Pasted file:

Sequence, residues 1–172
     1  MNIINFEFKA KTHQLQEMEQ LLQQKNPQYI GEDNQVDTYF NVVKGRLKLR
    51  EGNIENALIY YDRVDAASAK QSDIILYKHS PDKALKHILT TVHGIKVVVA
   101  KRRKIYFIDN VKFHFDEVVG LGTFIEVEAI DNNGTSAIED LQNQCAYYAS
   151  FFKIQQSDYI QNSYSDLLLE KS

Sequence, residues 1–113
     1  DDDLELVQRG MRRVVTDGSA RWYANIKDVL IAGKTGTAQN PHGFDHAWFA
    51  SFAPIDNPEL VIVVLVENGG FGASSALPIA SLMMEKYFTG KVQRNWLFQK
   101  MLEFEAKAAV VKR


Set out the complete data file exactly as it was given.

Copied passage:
Sequence, residues 1–172
     1  MNIINFEFKA KTHQLQEMEQ LLQQKNPQYI GEDNQVDTYF NVVKGRLKLR
    51  EGNIENALIY YDRVDAASAK QSDIILYKHS PDKALKHILT TVHGIKVVVA
   101  KRRKIYFIDN VKFHFDEVVG LGTFIEVEAI DNNGTSAIED LQNQCAYYAS
   151  FFKIQQSDYI QNSYSDLLLE KS

Sequence, residues 1–113
     1  DDDLELVQRG MRRVVTDGSA RWYANIKDVL IAGKTGTAQN PHGFDHAWFA
    51  SFAPIDNPEL VIVVLVENGG FGASSALPIA SLMMEKYFTG KVQRNWLFQK
   101  MLEFEAKAAV VKR